Crain's: SunDown RunDown Canton alum "Wheedle" gets boost from Cuyahoga loan fund

September 17, 2016
by Jay Miller, Crain's Cleveland Business

A young software app firm has won a Cuyahoga County economic development loan that will help it grow as it pursues a patent that is the foundation of its software that helps restaurateurs, caterers and their potential customers make the right connections. Called Wheedle, the app vies for the attention of consumers and businesses on either side of transactions involving hospitality searching (such as Yelp), restaurant reservations (think Open Table), Eventbrite (event ticketing) and Groupon (discount promotions). A consumer planning a night on the town or a future event logs onto Wheedle to find the right place for the occasion. The consumer enters the city and then picks a preferred part of town, a date and time, the number of people involved, how much the consumer and guests plan to spend. Then the consumer picks from a roster of events that now offers the choice of getting drinks, having a meal or needing a private room, catering, VIP bottle service or entertainment. The app would, for example, allow the father of a groom-to-be to seek bids from restaurants or catering firms for a place that could cater for vegetarians in a specific part of town for a wedding rehearsal dinner at a certain price point. The software will store a member’s currently booked events and past history on the site.“The IP (intellectual property) is around both creating the individual request for proposal for such events, but also in allowing the merchant to respond with a custom offer,” said Brian Stein, president of Hospitality Engagement Corp., which has developed Wheedle.“The specific language of the (patent) filing is a system that broadcasts an event request for proposal to which a merchant (using a) mobile device can selectively respond to and can be customized for the event request for proposal,” Stein said. The company earns a per person transaction fee from merchants when a consumer accepts an offer from an establishment using Wheedle.

The company has 250 active users in the region and has filled 2,400 requests since going live last year.

“Our plan is to continue scaling up in Cleveland and be selling in Chicago this winter,” Stein said. “At the end of 2017 we hope to be up to scale in Cleveland and Chicago and open two new markets, in New York and San Francisco.”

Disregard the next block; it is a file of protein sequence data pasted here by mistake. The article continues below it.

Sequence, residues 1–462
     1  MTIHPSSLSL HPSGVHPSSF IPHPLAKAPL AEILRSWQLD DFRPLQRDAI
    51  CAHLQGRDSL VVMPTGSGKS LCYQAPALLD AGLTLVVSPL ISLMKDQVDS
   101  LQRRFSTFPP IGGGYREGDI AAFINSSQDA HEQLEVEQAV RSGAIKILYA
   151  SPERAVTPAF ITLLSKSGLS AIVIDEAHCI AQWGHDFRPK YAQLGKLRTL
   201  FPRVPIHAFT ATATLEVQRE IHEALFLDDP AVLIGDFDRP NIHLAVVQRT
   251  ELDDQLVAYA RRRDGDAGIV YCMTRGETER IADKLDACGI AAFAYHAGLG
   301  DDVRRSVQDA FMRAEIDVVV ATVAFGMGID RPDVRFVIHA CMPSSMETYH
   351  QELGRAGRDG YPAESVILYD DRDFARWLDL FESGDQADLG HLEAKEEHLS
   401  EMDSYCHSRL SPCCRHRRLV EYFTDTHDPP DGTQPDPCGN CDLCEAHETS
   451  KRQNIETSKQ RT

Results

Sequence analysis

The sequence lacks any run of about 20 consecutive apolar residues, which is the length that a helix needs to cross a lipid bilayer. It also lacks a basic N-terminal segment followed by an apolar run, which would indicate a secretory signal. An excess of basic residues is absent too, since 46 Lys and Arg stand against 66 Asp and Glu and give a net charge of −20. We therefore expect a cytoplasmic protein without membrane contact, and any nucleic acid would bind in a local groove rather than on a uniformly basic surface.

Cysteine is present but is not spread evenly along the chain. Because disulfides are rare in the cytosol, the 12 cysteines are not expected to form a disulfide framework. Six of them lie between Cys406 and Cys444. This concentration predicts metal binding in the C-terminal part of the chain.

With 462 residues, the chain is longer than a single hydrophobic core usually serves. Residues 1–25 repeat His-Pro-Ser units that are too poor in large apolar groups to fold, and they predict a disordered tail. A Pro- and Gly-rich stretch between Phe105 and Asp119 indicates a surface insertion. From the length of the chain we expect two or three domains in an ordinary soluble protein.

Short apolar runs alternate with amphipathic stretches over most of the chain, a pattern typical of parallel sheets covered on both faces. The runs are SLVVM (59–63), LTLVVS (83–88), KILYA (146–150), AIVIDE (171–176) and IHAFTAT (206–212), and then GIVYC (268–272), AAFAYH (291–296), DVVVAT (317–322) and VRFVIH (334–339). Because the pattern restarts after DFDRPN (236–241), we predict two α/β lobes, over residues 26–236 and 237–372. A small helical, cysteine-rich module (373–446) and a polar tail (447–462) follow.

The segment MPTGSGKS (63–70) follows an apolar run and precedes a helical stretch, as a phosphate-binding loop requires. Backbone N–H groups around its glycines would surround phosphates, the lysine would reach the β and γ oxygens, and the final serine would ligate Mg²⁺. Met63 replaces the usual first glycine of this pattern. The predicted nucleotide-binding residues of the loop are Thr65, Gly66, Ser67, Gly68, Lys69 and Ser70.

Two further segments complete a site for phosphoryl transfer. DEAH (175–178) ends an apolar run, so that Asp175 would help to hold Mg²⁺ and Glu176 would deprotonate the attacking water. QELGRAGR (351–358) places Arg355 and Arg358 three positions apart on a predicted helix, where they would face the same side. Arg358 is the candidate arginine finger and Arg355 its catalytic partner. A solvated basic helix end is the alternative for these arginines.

There are services that consumers can use in those cities for parts of the Wheedle package, Stein said, “but nothing as comprehensive. Those that do compete only go after dinner, or theater tickets or bottle service.”

The company has only two employees, Stein and his partner, CEO J.P. Weston, whose background is in the hospitality industry. But Stein said the company anticipates creating two jobs soon. Its proposal to Cuyahoga County projects the company will create 84 jobs, with a payroll of $2.5 million, over five years.

Flashstarts Inc., a business startup accelerator and venture fund, has taken the young business under its wing. Flashstarts, housed in Terminal Tower in downtown Cleveland, offers young software companies an investment of $25,000 in office space and a variety of mentoring and other services.

“We think they’ve nailed a real opportunity,” said Charles Stack, a co-founder and CEO of Flashstarts. “The first time I looked at the thing, I said, ‘Oh well, somebody else must be doing this.’ Well, not true, we found after doing the due diligence on the concept.”

Stack said Wheedle allows venue operators to interact with their customers and react to their customers’ needs, unlike Open Table.

The young company is also getting advice from Jumpstart Inc., the Cleveland nonprofit entrepreneurial consulting and investment organization.

“Wheedle’s management team are true subject matter experts and their service is very unique in that it’s valuable to both the consumers who are going out for dinner, drinks and events, as well as the businesses who are trying to engage with those consumers,” said Jon Grimm, a venture partner at JumpStart.

According to the county’s loan proposal, the pair raised at least $385,000 before seeking the county loan, which runs for four years and has a fixed rate of 5%. The company will make quarterly interest-only payments until the loan comes due or until Hospitality Engagement raises an additional $1.5 million.

The loan is from the county’s North Coast Opportunities Technology Fund, which invests in high-growth technology companies in Cuyahoga County. The North Coast fund provides low-interest loans of up to $125,000 to help companies create new jobs, attract additional capital or complete specific projects.

Hospitality Engagement meets all three of those criteria, the last because it is working to get its patent.

Since its creation in 2008, the North Coast fund has made $3.6 million in loans to 38 companies. According to the county’s development department, these companies have raised nearly $50 million in additional funding, generating more than $18 million in revenue and creating or retaining more than 140 jobs. It’s part of the county’s Western Reserve Fund, the $100 million financial backing for the county’s five-year economic development plan.

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